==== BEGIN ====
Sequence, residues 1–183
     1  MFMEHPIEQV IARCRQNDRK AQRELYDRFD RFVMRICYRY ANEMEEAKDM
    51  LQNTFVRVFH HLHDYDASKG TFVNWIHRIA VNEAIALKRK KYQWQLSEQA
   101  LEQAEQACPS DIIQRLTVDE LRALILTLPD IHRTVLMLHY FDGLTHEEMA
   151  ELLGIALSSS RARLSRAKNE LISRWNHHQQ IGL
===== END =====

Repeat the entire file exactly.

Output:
Sequence, residues 1–183
     1  MFMEHPIEQV IARCRQNDRK AQRELYDRFD RFVMRICYRY ANEMEEAKDM
    51  LQNTFVRVFH HLHDYDASKG TFVNWIHRIA VNEAIALKRK KYQWQLSEQA
   101  LEQAEQACPS DIIQRLTVDE LRALILTLPD IHRTVLMLHY FDGLTHEEMA
   151  ELLGIALSSS RARLSRAKNE LISRWNHHQQ IGL